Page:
“I had the opportunity to preach every two weeks at weekend Masses and every day for weekday Masses,” Deacon Orji said. “That gave me the opportunity to make practical what I had learned. In the beginning, I was trying to be a little strict in going with what we were taught in the seminary. But as time went on, I adapted to the reality of the situation and tried to make the homily about the people in front of me.”
Deacon Orji writes out his homilies but has learned to focus on people in the congregation “to see if the expression on people’s faces let me know if they are really getting what I am saying.”
During his internship, Deacon Orji also presided at eight baptisms and led a Bible study on the Book of Revelation, tying together that Scripture with the celebration of the Mass.
“I linked that to our active participation in the Mass,” Deacon Orji said. “I think it came out well, to the glory of God.”
He also visited homebound parishioners and those in an assisted living residence, bringing them Communion and praying with them.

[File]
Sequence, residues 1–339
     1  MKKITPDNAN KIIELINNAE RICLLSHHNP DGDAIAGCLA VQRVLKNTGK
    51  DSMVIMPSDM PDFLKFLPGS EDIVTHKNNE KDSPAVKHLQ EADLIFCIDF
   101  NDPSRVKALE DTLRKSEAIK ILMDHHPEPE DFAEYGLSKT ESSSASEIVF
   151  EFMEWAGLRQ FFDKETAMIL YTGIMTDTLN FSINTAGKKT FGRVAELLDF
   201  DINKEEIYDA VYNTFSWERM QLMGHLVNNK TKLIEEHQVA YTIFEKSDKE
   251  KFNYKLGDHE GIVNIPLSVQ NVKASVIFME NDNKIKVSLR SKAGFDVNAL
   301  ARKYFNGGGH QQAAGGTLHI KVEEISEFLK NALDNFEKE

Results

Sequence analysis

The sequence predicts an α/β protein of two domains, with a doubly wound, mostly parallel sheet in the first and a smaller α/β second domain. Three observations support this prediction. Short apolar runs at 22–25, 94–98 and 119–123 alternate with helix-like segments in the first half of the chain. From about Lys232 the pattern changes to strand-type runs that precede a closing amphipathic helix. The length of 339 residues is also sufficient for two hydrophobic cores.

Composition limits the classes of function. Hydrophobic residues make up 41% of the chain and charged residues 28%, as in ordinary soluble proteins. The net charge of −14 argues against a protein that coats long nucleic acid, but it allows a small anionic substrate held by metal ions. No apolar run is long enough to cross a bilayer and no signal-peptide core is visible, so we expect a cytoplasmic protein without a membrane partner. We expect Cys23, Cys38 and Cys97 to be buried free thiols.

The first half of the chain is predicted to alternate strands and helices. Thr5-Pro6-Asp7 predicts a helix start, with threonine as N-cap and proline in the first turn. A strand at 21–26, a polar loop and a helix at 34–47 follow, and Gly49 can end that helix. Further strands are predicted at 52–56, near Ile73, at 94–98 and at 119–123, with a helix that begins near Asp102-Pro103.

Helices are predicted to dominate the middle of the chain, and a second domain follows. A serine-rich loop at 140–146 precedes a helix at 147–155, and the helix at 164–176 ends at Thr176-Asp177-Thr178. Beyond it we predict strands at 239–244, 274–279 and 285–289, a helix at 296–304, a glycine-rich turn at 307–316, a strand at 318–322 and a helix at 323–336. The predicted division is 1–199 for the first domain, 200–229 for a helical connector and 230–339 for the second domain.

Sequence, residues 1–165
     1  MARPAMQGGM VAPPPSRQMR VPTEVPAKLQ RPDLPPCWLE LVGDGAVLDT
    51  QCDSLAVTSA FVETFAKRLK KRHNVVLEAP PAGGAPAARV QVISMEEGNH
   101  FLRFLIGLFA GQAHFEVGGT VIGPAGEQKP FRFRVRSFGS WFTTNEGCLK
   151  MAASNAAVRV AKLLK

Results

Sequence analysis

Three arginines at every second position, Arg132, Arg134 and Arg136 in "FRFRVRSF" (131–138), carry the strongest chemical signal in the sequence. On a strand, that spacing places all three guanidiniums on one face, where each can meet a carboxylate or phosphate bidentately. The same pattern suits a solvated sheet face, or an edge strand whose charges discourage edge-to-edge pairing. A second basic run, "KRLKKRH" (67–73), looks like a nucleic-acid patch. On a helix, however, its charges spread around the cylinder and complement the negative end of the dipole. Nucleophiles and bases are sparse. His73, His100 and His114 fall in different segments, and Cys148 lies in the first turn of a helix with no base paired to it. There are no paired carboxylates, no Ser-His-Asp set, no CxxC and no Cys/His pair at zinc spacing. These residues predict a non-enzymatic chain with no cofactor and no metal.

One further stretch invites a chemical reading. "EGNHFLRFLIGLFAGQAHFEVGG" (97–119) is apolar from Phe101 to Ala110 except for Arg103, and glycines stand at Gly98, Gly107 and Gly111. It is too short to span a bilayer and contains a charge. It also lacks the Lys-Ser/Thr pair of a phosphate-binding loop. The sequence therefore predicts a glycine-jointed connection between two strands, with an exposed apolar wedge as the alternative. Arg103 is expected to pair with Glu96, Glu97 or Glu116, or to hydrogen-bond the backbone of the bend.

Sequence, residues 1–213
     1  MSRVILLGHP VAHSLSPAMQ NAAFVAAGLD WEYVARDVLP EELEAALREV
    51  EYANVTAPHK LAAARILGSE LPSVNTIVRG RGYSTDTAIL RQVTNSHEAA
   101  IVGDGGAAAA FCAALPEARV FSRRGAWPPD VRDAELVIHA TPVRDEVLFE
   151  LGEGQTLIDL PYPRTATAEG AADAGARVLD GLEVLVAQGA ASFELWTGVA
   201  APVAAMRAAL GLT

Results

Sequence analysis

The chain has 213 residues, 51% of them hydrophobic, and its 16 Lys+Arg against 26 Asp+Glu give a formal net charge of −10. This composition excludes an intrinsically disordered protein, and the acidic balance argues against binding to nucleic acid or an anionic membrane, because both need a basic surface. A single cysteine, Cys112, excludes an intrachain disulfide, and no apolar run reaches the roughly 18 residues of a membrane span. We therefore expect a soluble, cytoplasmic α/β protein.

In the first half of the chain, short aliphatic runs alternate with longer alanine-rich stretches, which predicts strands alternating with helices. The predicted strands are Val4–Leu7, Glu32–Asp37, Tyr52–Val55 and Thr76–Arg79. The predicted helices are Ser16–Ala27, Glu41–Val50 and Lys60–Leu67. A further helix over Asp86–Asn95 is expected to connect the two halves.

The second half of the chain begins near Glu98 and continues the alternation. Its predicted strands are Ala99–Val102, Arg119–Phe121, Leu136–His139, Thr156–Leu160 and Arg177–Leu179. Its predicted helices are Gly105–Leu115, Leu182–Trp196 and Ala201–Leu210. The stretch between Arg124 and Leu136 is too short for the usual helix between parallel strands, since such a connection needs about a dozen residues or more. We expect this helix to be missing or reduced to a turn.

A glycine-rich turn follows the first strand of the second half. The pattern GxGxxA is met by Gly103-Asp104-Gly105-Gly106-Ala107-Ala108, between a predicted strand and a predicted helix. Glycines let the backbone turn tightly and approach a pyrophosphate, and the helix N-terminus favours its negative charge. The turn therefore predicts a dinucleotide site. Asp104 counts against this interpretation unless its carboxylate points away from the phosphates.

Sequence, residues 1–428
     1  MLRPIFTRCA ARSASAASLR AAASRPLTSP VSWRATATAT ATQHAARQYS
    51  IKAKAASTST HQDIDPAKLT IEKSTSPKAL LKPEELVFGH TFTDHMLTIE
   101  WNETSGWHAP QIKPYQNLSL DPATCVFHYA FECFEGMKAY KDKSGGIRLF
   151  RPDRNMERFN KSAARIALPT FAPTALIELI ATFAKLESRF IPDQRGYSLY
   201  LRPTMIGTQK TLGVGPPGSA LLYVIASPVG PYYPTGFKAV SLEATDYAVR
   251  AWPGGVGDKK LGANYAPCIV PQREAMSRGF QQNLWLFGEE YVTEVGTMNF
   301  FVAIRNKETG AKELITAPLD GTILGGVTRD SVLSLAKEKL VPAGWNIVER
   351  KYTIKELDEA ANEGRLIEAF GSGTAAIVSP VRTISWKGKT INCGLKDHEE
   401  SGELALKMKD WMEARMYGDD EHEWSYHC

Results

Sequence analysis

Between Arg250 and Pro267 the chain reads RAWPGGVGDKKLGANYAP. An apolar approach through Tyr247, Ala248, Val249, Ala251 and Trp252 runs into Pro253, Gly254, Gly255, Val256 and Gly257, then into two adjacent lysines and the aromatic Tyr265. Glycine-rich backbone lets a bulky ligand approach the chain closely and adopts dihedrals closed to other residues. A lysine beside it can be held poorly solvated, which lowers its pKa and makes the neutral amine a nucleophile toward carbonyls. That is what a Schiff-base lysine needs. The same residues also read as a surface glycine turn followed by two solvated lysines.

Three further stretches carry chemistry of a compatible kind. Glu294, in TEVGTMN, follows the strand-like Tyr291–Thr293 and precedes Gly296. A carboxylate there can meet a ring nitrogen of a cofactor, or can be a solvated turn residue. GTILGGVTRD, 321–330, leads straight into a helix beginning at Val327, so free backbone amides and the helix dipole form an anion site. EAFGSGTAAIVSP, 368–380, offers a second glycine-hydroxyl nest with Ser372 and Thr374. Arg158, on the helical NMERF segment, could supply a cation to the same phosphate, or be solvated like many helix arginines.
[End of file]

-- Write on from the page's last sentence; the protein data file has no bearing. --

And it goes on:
Deacon Orji has close ties to his family of eight siblings. He was nourished in the Catholic faith by his devoutly religious parents, who recited the rosary daily. That practice eventually led to an attraction after high school graduation to consider entering the seminary.
He entered the Dominican Institute of Philosophy and Theology, which is affiliated with the University of Ibadan, Nigeria, to study philosophy and complete a master’s program in bioethics.
Deacon Orji had hoped that his mother and one of his brothers could come to New Orleans for the June 2 ordination, but they could not obtain a visa to enter the U.S. He hopes to visit his family after his ordination if he can get the proper travel documents himself.
He is most eager to celebrate the Eucharist and the sacrament of reconciliation.
“That is where we meet God,” he said. “Pope Francis said in one of his letters that God is reaching out to us and we encounter that in confession. I myself have experienced God’s mercy in so many ways. I understand the joy that comes from forgiveness, because I myself have been forgiven and God continues to forgive me. I am looking forward to being an instrument of God’s forgiveness to his people.”